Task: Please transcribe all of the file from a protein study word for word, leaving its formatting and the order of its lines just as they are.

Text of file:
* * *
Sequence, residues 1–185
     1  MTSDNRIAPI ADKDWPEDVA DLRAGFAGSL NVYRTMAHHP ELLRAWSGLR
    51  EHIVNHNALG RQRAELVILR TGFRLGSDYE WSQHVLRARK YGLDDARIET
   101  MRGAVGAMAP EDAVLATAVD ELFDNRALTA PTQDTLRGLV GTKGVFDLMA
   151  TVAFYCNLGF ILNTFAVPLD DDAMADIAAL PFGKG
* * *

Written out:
Sequence, residues 1–185
     1  MTSDNRIAPI ADKDWPEDVA DLRAGFAGSL NVYRTMAHHP ELLRAWSGLR
    51  EHIVNHNALG RQRAELVILR TGFRLGSDYE WSQHVLRARK YGLDDARIET
   101  MRGAVGAMAP EDAVLATAVD ELFDNRALTA PTQDTLRGLV GTKGVFDLMA
   151  TVAFYCNLGF ILNTFAVPLD DDAMADIAAL PFGKG